Similarly, it seeks to encourage more technology-focused firms to set up shop on Park Boulevard and includes a policy to encourage mixed-use developments with research space, officers and small residential units. Much like on California Avenue, developments in this new "technology corridor" would be encouraged "at the higher end of the allowed density range," provided they're consistent with the city's design standards.
All the talk of greater density proved to be a hard sell with council members Pat Burt and Karen Holman, both of whom argued that far more deliberation is needed before the council goes along with the plan.
"We have not had an opportunity to look at the significance of this very large upzoning for this area and it needs much more consideration," Burt said of the proposed technology corridor on Park Boulevard.
Holman concurred and argued that the council needs more time to review and revise the concept plan.
"This really reads to me like a redevelopment document," Holman said.
Burt likened the concept plan to Jay Paul's proposal for 395 Page Mill, which at 311,000 square feet far exceeded the city's zoning regulations and drew heavy criticism from the surrounding neighborhoods for its ambitious scale.
"We thought we were stepping over a cliff at the Jay Paul site," Burt said. "We're running over the Grand Canyon potentially on approving these major upzonings without real consideration."
Burt and Holman were also skeptical about the Fry's grant, at least until Planning Director Hillary Gitelman offered them repeated assurances that the grant funds would not obligate the city to pursue any policies that the council doesn't support.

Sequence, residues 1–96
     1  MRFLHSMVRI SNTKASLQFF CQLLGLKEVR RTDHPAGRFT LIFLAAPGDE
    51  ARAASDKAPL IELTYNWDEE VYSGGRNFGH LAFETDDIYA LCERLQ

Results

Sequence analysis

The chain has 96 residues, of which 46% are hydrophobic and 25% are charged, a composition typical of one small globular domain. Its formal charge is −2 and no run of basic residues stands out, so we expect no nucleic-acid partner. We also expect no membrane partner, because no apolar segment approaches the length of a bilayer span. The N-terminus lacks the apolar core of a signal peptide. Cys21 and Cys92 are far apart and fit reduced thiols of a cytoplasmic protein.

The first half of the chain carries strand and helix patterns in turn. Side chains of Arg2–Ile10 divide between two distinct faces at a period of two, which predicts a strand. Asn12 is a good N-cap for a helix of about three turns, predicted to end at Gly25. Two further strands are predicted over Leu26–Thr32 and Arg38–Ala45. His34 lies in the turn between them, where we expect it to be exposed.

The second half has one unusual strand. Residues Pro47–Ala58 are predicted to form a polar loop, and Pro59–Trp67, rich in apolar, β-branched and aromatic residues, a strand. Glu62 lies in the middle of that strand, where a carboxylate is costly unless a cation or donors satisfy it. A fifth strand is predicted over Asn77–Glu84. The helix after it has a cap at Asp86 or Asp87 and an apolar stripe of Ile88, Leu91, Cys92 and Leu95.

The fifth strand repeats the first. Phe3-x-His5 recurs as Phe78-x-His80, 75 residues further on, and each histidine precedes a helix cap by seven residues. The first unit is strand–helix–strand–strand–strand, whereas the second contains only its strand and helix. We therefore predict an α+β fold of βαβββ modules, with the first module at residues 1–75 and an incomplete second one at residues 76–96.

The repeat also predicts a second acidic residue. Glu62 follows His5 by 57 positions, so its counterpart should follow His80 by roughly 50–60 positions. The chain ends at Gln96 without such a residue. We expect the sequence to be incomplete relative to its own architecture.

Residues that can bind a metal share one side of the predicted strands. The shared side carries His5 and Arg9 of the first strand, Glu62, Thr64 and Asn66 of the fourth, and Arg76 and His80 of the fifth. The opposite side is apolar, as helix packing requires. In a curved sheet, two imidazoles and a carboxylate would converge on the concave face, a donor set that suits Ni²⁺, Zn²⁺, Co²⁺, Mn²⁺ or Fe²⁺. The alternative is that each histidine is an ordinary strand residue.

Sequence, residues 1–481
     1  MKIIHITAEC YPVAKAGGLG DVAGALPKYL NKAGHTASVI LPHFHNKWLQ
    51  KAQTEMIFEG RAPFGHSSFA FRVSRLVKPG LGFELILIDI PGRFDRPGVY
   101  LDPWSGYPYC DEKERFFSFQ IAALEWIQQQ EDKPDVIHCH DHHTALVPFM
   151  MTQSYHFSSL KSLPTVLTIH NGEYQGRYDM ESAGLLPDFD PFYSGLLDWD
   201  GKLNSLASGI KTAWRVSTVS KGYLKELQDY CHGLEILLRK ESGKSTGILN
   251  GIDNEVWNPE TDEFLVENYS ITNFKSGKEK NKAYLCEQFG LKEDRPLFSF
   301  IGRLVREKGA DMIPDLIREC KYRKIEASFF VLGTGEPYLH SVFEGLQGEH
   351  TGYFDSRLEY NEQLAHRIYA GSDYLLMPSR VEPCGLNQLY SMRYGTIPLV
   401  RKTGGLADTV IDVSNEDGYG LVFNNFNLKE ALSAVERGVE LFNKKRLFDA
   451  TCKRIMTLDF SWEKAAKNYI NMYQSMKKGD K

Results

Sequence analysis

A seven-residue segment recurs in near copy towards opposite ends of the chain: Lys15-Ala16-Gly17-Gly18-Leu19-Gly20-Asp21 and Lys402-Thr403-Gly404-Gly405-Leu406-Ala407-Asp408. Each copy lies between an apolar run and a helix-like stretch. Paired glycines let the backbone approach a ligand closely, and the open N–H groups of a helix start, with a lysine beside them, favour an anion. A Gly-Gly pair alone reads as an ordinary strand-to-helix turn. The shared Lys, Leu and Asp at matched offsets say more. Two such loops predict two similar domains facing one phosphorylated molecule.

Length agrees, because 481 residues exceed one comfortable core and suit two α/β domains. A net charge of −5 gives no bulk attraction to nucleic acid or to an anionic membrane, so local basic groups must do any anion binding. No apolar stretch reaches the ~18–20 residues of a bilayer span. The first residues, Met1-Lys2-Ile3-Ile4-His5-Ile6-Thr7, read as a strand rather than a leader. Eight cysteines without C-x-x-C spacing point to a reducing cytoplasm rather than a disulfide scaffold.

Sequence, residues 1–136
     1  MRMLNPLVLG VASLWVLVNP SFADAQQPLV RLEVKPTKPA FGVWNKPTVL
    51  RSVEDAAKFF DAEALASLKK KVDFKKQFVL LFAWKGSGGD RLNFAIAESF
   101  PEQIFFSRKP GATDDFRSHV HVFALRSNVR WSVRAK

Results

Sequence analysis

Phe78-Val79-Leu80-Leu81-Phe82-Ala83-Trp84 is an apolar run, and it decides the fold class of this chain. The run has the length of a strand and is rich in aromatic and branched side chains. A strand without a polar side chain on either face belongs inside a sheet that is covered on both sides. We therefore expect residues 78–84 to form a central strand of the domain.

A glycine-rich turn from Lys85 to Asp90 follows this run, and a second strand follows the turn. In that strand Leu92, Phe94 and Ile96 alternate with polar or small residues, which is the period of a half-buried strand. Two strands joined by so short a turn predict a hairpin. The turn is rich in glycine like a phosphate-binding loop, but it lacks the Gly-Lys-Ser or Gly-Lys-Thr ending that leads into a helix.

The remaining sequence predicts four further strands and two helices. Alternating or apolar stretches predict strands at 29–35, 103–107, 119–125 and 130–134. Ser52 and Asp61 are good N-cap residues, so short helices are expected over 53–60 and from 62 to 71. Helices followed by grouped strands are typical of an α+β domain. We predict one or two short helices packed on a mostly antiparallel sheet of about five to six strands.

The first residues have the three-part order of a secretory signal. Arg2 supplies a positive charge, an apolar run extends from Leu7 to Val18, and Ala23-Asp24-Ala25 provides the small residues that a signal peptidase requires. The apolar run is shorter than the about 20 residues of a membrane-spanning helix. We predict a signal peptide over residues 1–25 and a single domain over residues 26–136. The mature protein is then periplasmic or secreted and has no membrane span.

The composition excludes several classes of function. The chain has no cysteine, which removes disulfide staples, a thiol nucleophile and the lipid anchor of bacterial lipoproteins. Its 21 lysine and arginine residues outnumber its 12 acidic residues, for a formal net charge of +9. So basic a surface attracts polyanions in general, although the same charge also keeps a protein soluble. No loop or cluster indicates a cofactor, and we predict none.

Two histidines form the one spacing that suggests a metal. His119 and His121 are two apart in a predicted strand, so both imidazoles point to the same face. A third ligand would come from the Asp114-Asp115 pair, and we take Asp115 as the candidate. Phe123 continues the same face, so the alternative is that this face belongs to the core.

Once adopted, the vision for California Avenue would become part of the city's Comprehensive Plan. A report from the Department of Planning and Community Environment notes that the concept plan aims "to identify appropriate development intensities, the potential for additional housing, and plan for retention and enhancement of retail/service opportunities and improved pedestrian and bicycle connections in the California Avenue area."
Several residents attended the meeting to laud the concept plan, which also advocates for various pedestrian- and bike-safety improvements on Park Boulevard and improved connections between the Fry's site and El Camino Real. Eric Rosenblum and Sandra Slater both praised it for encouraging density near a prominent transit corridor, a strategy aimed at reducing car trips.
"I think it's a win-win and an opportunity for the council to look at something that can be really exciting and, in a way, a beacon for how Palo Alto might look at future developments," Slater told the council.
Councilwoman Gail Price agreed and said the concept plan offers the city a valuable chance to manage change.
"I think it provides us with a terrific opportunity -- in conjunction with the 'Our Palo Alto' discussion -- to become more refined and more thoughtful about the kinds of decisions we're in the process of making," Price said, referring to the soon-to-commence effort to engage the community in a two-year discussion about the city's future.
One aspect that the council generally agreed on is that housing should feature prominently in the future of the Fry's site. Councilman Greg Scharff advocated for rental housing in particular, arguing that commuters are more likely to rent apartments near their jobs than buy homes. Greg Schmid, meanwhile, said the Fry's site is one of the few places where the council can realize "smart development," a mix of retail, commercial and residential uses clustered near a transit site. Schmid said such a vision is "what modern urban design is all about." The city, Schmid said, needs to quickly answer the question of what percentage of the city's housing mandate should be targeted for his area.
"I think people tonight have made a convincing case that this is one of the best places in town," Schmid said.